Qunar files anti-trust report against Ctrip’s acquisition of eLong with MOC
Qunar has accusing its arch rival Ctrip of breaching Anti-Monopoly Law and the State’s declaration threshold guidelines in its acquisition of eLong.
Major Chinese OTA Qunar has filed a complaint with the PRC Ministry of Commerce (MOC) against its arch rival and China’s top OTA Ctrip, accusing the latter of breaching the PRC’s Anti-Monopoly Law and the State’s declaration threshold guidelines in its acquisition of eLong.
This is the third anti-trust case in China’s online business market, following the high profile cases against the mega merger of Didi-Kuaidi taxi apps and lifestyle website 58.com’s acquisition of competitor Ganji.com.
eLong’s largest shareholder Expedia sold its 62.4% stake in the OTA in May this year to a consortium of four Chinese companies: Ctrip, Plateno Group, Keystone Group and Plateno-Luxuriant Holdings. Ctrip became the largest shareholder of eLong after the transaction.
Qunar claims that the acquisition has given Ctrip effective control over eLong as well as a combined share of over 50% of China’s online hotel bookings market. Although Ctrip’s new dominant position exceeds standard limit that mandates declaration under the State Council Provision on the notification of Concentration of Undertakings (Law 529), it has not made a declaration with the MOC yet.
Qunar also accuses Ctrip of using its control of eLong to create a monopoly in China’s travel market and put pressure on the hotel industry supply chain by demanding them to cut business ties with Qunar or withhold the lowest prices in a bit to squeeze out their bitter rival.
In its complaint, Qunar has requested MOC to immediately freeze the Ctrip-eLong transaction for an investigation as well as place limitations in share and asset processing, operational transfer, and impose penalties and reverse the transaction’s negative impact on competitors.
For its part, Ctrip claims it only made a strategic investment in eLong and is merely a minority shareholder among many shareholders. It says China’s travel market is huge and Ctrip and eLong only take up 5% of the domestic market now and can’t realistically impact the entire industry. Ctrip also accuses Qunar of undeclared acquisitions and says it will file its own report with the MOC against its rival.
Ctrip cabal in eLong?
After the May transaction, Ctrip holds 36.36% of eLong’s shares and 47.72% voting rights, while Plateno Group holds a 22.32% stake and 29.30% voting rights, and Luxuriant Holdings has a 3.72% stake and 4.88% voting rights.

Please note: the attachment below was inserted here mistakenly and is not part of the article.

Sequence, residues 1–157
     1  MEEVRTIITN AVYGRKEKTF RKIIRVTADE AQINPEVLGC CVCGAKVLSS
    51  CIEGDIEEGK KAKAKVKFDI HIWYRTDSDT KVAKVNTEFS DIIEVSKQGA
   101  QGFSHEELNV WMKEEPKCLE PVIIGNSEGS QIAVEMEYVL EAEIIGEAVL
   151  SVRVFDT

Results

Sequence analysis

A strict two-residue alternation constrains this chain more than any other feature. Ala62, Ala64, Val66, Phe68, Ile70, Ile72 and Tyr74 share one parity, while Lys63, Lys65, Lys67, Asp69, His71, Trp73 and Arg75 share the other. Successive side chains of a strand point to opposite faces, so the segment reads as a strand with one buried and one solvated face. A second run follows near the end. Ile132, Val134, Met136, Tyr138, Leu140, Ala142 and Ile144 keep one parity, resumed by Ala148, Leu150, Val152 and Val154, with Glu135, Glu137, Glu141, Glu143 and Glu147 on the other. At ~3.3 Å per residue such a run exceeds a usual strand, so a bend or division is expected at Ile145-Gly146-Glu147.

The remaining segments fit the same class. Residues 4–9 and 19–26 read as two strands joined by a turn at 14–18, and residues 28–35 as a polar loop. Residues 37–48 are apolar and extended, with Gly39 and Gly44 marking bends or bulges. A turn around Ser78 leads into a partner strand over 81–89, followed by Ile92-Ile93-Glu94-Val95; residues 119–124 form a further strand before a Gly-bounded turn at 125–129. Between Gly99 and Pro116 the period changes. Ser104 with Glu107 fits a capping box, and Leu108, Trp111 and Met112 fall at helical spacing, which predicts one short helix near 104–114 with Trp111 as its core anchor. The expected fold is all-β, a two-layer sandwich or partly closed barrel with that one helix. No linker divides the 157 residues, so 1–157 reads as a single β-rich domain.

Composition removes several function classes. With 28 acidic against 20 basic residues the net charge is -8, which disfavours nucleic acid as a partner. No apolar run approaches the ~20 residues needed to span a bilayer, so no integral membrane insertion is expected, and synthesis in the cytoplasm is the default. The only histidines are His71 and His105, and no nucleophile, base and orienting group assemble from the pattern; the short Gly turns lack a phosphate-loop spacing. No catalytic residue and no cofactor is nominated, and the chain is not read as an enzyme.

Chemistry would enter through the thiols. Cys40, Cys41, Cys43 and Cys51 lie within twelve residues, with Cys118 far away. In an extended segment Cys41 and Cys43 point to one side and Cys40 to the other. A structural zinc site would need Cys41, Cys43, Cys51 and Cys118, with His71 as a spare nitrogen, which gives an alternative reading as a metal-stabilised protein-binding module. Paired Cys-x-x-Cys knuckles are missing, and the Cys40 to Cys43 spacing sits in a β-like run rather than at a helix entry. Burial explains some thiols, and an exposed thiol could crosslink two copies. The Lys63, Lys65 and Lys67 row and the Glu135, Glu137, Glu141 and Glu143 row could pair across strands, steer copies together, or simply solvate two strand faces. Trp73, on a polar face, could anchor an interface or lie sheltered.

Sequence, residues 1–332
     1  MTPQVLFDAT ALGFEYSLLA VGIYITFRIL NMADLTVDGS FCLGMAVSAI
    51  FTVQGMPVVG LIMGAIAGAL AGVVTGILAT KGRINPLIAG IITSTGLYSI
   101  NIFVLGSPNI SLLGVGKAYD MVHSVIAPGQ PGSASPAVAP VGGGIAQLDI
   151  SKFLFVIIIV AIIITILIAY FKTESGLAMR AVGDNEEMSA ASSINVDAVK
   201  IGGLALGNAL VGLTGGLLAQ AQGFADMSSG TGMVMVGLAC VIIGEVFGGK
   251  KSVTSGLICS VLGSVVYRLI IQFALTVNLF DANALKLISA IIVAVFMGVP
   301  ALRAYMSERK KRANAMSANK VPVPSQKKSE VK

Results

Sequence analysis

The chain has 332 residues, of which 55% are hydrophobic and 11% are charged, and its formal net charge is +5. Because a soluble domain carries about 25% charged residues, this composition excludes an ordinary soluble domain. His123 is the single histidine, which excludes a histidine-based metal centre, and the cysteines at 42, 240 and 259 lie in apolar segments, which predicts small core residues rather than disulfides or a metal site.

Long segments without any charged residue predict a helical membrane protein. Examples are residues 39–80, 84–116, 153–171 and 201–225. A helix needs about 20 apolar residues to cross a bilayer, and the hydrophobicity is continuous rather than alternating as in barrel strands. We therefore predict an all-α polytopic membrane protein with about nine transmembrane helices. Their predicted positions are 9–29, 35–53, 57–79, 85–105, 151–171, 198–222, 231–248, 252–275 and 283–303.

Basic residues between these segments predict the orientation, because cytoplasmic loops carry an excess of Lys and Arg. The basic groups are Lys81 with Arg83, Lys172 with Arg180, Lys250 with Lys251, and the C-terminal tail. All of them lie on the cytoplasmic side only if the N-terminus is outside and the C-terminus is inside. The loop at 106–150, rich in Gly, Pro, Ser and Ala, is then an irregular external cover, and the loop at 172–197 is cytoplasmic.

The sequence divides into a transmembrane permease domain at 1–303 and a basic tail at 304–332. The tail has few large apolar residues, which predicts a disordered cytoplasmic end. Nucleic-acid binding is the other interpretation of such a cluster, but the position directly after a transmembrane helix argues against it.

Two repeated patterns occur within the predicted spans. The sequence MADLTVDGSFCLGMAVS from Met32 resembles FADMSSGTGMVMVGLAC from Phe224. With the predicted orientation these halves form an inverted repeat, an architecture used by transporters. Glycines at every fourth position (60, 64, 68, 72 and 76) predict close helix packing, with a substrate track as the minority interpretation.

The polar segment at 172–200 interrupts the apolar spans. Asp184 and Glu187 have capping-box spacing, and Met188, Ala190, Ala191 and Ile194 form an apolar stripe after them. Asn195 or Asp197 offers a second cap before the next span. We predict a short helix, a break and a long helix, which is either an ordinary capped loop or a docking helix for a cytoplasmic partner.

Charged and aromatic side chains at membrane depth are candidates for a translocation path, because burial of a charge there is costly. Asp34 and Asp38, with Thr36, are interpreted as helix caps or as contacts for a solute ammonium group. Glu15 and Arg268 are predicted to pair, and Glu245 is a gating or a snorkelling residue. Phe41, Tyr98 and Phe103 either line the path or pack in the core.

However, the four companies have convoluted links, according to Qunar, and it points out that Plateno Group’s president Alex Zheng previously held the positions of vice president, south China regional director and marketing vice president of Ctrip. Also, Ctrip already held a 4% stake in Plateno’s parent company Keystone Group at the time Alex Zheng and others set up the Plateno Group.
Liqun Wang of Luxuriant Holdings, and eLong transaction signee, is also the president of Stone Capital, which set up a joint venture SkySea Holding International Ltd. with Ctrip in 2013.
Qunar has also pointed out that after the transaction, eLong’s board of directors shrank form 11 to 10 members, five of them appointed by Ctrip connected new shareholders.
In July, eLong appointed Jiang Hao as its CEO, replacing Guangfu Cui, and Rong Zhou as its chief strategy officer. Mr. Hao was formerly CEO of Wi-Fi service operations at Ctrip and Mr. Zhou was previously vice president of Ctrip and its cruise company SkySea Holding.
Citing the above evidence, Qunar accuses Ctrip of using the acquisition and its affiliated companies to seize control of half of eLong’s board of directors and place their own CEO to gain full control of eLong.
Even if Ctrip didn’t have sole control of eLong, its combined stake with Plateno Group is up to 58.68%. This should be considered joint control and would classify as a concentration of undertakings.
Ctrip reported global revenue of RMB7.767 billion (approx: US$1.25 billion) for 2014, and eLong reported RMB1.163 billion (approx: US$187.2 million) for the same year. While the companies’ financial reports did not reveal domestic revenues, Qunar claims 80% of the two companies’ global revenues were derived locally, indicating they have reached the threshold for mandatory declaration according to clause 529 of State Law.(Translation by David)